Your landlord can raise your rent every year by a percentage that the provincial government sets. This is called the «guideline». Each year by the end of August, the government announces the guideline for the next calendar year.
The guideline for 2020 is 2.2%. In 2019 it was 1.8%.
To give you a guideline rent increase, your landlord must follow these rules:
12 months apart: After you move in, your landlord must wait at least 12 months before raising your rent. And any increases after that also must be at least 12 months apart.
90 days' written notice: Your landlord must give you a written notice at least 90 days before your rent goes up. This notice should be on one of the forms from the Landlord and Tenant Board. If your landlord does not use the Board's form, the notice could still be valid if it includes all the information that is on the Board's form.
- a building or new addition that had no one living in it on or before November 15, 2018
- a self-contained apartment created after November 15, 2018 in a house that contained no more than two units on or before that date, if:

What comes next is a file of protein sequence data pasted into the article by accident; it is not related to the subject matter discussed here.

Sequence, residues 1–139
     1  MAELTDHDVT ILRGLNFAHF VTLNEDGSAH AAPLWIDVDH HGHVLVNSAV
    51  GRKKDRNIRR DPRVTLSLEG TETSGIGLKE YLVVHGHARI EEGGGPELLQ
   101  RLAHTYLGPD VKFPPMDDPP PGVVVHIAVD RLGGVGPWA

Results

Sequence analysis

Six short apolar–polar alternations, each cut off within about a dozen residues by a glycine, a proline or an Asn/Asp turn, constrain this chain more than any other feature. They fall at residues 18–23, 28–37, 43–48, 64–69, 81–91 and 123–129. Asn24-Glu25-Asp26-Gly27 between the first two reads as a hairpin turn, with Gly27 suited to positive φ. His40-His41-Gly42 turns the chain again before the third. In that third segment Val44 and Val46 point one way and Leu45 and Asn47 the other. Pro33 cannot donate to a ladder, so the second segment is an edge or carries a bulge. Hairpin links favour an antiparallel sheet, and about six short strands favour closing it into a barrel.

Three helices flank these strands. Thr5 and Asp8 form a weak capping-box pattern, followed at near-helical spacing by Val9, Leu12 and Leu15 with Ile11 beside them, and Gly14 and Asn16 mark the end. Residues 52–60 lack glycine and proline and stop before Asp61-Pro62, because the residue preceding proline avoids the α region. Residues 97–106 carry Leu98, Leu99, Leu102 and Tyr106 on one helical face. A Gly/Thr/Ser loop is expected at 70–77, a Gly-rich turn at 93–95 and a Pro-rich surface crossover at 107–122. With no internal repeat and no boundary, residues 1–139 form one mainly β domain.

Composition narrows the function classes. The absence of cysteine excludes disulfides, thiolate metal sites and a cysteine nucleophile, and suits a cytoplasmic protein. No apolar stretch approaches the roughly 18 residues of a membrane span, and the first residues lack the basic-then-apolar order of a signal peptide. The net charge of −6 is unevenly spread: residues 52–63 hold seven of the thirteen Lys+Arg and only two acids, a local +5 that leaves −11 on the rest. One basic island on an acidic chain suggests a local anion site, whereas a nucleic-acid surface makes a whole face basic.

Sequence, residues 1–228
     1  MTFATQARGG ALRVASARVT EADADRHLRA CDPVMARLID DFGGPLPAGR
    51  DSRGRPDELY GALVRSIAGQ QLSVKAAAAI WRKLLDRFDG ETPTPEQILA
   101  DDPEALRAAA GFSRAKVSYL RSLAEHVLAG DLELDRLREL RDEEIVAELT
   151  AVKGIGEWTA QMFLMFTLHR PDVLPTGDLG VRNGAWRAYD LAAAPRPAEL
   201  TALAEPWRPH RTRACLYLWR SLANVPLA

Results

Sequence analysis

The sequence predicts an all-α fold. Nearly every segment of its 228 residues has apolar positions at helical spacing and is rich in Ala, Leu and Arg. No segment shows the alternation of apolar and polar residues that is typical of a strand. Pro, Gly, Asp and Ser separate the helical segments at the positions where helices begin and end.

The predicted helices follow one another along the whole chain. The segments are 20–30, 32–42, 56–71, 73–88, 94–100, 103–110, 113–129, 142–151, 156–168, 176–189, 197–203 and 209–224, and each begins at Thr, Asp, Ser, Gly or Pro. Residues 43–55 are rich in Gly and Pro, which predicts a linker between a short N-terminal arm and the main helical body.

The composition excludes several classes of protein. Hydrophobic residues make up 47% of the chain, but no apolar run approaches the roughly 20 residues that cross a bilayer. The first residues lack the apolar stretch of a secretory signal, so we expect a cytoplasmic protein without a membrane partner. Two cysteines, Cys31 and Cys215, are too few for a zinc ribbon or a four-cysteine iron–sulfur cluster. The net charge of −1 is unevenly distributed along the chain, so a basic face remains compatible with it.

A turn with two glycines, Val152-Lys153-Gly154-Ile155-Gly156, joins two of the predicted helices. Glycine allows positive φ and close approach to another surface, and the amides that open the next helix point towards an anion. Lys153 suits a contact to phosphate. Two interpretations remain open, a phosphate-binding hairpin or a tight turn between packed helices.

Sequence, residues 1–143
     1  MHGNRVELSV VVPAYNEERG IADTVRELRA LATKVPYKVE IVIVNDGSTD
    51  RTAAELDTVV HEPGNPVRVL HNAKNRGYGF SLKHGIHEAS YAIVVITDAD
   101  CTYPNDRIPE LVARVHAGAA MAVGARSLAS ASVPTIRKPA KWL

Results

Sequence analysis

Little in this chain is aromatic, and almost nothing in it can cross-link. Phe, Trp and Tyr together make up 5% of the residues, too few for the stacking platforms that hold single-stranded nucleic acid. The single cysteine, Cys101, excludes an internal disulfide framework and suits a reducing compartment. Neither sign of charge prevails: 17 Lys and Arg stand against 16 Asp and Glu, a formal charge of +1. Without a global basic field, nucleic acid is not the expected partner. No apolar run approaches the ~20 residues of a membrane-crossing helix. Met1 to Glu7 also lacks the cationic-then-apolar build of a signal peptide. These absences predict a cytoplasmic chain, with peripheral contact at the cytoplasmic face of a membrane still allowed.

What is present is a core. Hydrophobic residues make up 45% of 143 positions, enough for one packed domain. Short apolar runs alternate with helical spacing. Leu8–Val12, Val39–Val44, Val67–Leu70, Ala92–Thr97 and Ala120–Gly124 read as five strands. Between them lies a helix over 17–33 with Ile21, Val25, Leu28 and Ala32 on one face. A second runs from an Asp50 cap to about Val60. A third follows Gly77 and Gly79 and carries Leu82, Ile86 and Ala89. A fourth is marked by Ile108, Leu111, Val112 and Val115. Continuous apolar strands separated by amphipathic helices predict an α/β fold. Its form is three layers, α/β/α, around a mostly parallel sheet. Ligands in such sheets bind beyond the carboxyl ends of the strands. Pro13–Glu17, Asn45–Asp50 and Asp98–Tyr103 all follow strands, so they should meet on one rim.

- the owner lived in the house at the time the apartment was first lived in, or
- the apartment was created in previously unfinished space
In these units, there is usually no limit to how much a landlord can increase the rent. But the 12 month and 90 day rules still apply.
Rent freeze in 2021: The government has announced that the guideline for the year 2021 will be zero percent. This means that your landlord cannot raise your rent at all from January 1, 2021 to December 31, 2021.
Your landlord is allowed to give you a rent increase notice in 2021 but the increase cannot start before January 1, 2022.
This rent freeze will also apply to newer units that are normally not covered by the guideline. So even if your building was first occupied or your unit was created after November 15, 2018, your landlord cannot raise your rent in 2021.